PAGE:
We have tried to beef up coverage of schools and education, not only because our readers specifically asked for this coverage, but because the way a town educates its children says a lot about what is important, and whether that town will thrive in the future.
Forest Park takes pride in its elementary schools and middle school. District 91 has highly trained teachers who know their students well, thanks to small class sizes. What other town in Illinois has an “All School Picnic” where private and public schools get together for a day of kid fun in the park sunshine? What other town has true diversity working so well, where a generation of children has grown up enjoying real friendships with children of all races? Teachers and administrators are unafraid to look at where children need to grow, recognize that even bright children need to be pushed to learn and grow more, and are enthusiastic about helping them get there.
But high school anxiety is the dark cloud hanging over Forest Park parents. Proviso Township High School District 209 is perceived by many as an inadequate, even impossible choice to make for their children’s future. It is not healthy for community members to plan on selling their house and moving away when their child gets to high school age – or face staggering private high school bills. Is this rational? What does it do to a community when a large percentage of parents threaten to disengage? As a magnet school, PMSA does not have room for the entire high school student body of Forest Park, nor should it.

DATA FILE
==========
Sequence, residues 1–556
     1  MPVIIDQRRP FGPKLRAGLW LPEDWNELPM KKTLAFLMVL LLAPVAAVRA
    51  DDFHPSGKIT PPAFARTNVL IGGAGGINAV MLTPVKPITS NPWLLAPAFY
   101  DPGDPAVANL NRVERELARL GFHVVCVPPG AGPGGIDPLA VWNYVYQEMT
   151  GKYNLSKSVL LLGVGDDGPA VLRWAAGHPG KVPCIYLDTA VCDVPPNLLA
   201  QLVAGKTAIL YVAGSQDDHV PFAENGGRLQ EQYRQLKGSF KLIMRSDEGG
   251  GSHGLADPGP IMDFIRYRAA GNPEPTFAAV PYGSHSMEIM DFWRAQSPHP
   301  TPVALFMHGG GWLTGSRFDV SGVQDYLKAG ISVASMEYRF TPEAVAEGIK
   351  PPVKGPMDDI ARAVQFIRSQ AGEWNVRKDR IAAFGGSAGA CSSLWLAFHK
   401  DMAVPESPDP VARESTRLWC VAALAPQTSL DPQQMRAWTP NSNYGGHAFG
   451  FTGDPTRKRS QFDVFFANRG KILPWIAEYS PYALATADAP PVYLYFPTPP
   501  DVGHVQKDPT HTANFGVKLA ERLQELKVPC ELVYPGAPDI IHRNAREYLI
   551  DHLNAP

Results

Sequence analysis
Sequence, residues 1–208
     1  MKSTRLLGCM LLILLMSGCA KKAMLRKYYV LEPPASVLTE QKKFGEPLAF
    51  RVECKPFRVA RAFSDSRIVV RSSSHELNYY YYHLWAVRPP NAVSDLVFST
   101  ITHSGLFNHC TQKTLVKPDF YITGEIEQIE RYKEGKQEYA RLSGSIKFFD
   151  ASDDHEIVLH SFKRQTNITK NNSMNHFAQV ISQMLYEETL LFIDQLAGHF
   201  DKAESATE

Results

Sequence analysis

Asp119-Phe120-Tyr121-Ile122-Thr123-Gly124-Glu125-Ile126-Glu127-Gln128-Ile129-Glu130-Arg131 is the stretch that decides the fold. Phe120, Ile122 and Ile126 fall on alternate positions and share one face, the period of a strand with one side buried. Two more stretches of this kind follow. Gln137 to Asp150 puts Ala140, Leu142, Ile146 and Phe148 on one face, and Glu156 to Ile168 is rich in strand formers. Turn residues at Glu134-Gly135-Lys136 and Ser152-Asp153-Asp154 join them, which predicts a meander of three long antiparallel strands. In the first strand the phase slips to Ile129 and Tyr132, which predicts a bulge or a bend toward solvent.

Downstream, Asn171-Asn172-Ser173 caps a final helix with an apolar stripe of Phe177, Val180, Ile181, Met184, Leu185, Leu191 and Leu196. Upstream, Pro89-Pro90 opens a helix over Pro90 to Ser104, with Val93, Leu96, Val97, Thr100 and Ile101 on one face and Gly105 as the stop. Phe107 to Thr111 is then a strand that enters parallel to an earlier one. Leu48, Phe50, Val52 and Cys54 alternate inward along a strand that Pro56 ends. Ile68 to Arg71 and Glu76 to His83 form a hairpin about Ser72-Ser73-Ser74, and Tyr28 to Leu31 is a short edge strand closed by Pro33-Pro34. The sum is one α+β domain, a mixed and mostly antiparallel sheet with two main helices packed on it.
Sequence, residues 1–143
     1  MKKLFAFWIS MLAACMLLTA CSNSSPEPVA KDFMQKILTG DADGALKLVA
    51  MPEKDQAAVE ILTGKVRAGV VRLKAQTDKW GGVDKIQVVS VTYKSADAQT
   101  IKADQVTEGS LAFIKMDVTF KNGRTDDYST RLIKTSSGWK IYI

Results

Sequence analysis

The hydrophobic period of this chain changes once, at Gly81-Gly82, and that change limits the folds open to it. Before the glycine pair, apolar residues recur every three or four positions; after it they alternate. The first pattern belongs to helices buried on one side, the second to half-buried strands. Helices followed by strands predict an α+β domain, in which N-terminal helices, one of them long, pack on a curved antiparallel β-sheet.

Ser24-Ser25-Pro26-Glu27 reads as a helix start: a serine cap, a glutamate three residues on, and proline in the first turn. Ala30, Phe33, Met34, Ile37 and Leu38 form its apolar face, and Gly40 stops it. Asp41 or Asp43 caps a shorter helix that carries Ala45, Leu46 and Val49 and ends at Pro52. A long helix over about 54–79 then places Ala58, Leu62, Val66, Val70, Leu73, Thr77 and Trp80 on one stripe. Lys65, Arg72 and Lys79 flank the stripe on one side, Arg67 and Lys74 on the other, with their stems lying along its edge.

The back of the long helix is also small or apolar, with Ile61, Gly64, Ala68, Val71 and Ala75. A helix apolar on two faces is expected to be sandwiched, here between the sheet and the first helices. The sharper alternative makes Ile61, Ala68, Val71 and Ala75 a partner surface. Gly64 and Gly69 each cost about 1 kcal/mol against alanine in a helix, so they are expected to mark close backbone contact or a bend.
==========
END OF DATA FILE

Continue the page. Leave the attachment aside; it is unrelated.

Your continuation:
In the early 1900s, temperance-minded Yankee-derived citizens of Oak Park and River Forest cut out the village of Harlem, with its German immigrants and their beer-hall culture. According to oral histories, fistfights erupted in the streets when Harlem residents were told they were now in Proviso, with only one bridge spanning the Desplaines River at Lake Street. Since then, Forest Park’s self-image only reluctantly acknowledges Proviso.
But the tough economy is causing parents to look again at Proviso high schools. Can they be fixed? Many of our residents attended Proviso, even Mayor Calderone. We have to look in the mirror and realize that we are in part to blame for “The Proviso Way.” We pay for it. We vote (or don’t bother to vote) for the school board. Fear and a lack of understanding lead parents to pretend that the high school across the river is not there. But it is there. What if it is your only option? Is it as bad as we hear?
A small group of Forest Parkers, built by social media, met at the Community Center this week to think about District 209. They understand we are not alone. Ten other Proviso communities are in the same bind.
Perhaps the high schools can become a resource for all if we can engage and bring a sense of ownership. That will take a remarkable commitment, but is there really any other choice?